In a scene from Barbie, Barbie is seen from behind, waving to Barbieland from her balcony.

Let’s Talk About ‘Barbie’s White Feminism

If you haven’t yet—or even if you have—go watch Barbie, it’s great. There’s an obscenely funny joke or witty reference every five seconds and its visual work is stunning. I genuinely can’t remember the last time I enjoyed a big-budget blockbuster film so much. And even we at The Mary Sue can’t get enough of Barbenheimer.

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OK. Now that your pitchforks are lowered, let’s talk about Barbie’s white feminism.

The central conflict of the film is straightforward: Ken realizes patriarchy’s great, Ken realizes patriarchy’s bad. At the heart of the story is the idea that toxic masculinity isn’t biological, but learned behavior one can unlearn with education and empathy. It’s a great message, no doubt, and one that is at the core of feminist theory, but it feels bereft of all the turbulence that intersectionality brings.

Barbie imagines a world free of the coarse, bumpy complications that kyriarchies bring. The smooth, doll-like plasticism of its politics flattens struggle into a clean binary of men vs. women. In Barbieland, there’s no friction between different groups of women; here in this world, white women do not weaponize their whiteness against women of color, as they often do in real life. They are all united against a singular cause: Stop the Kens.

Historically, first and second-wave white feminists cast Black women out of their movements. According to NPR, Elizabeth Cady Stanton, one the most prominent suffragettes at the time, was opposed to integration with Black people and thought that Black men were the greatest threat to women’s rights. We do a great disservice to narratives of struggle by glossing over the ways in which our own supposed allies often betray us and the cause.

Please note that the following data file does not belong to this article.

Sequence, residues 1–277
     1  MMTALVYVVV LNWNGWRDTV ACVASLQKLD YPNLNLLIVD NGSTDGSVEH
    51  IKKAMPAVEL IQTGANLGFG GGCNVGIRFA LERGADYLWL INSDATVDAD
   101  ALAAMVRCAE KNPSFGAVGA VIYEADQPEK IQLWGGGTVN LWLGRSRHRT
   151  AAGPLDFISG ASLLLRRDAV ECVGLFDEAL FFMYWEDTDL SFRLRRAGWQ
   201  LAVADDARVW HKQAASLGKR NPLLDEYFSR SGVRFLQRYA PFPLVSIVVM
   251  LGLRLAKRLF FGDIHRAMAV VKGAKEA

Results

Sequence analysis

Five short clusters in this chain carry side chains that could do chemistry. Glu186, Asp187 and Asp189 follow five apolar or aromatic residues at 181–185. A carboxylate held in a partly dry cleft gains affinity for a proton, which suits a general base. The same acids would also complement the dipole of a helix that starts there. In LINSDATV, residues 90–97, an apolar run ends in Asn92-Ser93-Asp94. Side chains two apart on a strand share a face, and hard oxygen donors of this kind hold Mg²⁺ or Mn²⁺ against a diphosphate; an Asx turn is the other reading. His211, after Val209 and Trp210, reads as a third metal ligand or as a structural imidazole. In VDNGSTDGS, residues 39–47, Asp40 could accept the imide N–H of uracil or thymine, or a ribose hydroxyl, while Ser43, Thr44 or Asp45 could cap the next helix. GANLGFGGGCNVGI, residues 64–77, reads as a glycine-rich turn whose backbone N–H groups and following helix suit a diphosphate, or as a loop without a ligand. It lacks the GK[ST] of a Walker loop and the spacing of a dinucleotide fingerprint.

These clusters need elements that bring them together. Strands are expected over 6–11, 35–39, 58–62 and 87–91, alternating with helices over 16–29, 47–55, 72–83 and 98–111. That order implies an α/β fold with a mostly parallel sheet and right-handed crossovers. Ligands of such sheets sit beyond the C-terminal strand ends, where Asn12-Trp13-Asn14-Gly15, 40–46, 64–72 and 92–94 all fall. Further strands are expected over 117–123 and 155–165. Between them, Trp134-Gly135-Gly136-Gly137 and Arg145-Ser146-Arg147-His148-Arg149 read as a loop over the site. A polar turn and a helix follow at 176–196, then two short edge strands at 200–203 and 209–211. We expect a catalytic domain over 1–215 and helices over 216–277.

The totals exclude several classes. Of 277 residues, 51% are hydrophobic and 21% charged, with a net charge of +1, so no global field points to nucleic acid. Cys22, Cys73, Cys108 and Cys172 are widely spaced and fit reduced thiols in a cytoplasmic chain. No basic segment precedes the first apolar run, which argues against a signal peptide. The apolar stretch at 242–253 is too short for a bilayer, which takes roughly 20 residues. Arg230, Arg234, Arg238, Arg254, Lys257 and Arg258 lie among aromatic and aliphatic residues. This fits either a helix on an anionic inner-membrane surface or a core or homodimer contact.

The film attempts to balance its white perspective through the non-white characters of Gloria (America Ferrera) and Sasha (Ariana Greenblatt), a mother and daughter duo trying to fix their own personal relationship all while helping Barbie take back Barbieland. But most of their presence is in service of pushing Barbie’s self-actualization; they exist to help prop up a white character’s story. And the rest of the non-white characters in the film are mostly set dressing.

A few jokes lampshade this whiteness, like the “white savior Barbie” jab, but it’s not enough to shake off the movie’s genuine problems with race. When it comes to female representation in movies, cis white women usually get first choice—it’s a nasty bit of politics that even Greta Gerwig, the director of Barbie, herself has fallen into. Gerwig has a history of writing mostly white stories. Lady Bird has its own troubling race politics that could fill out an entirely separate article, and Little Women doesn’t fair all that better.

Being an ally means coming to terms with problematic media that we enjoy. As we’ve covered, Barbie is currently smashing box office records. Many people are also touting the feminist virtues of the film right now. But who is this feminism for? We can enjoy the film and its messages while also noting their unfortunate superficiality. For now, I’ll be listening to that awesome soundtrack non-stop.

(featured image: Warner Bros. Pictures)

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Michael Dawson
Michael Dawson (he/they) writes about media criticism, race studies, intersectional feminism, and left-wing politics. He has been working with digital media and writing about pop culture since 2014. He enjoys video games, movies, and TV, and often gets into playful arguments with friends over Shonen anime and RPGs. He has experience writing for The Mary Sue,, Bunny Ears, Static Media, and The Crimson White. His Twitter can be found here: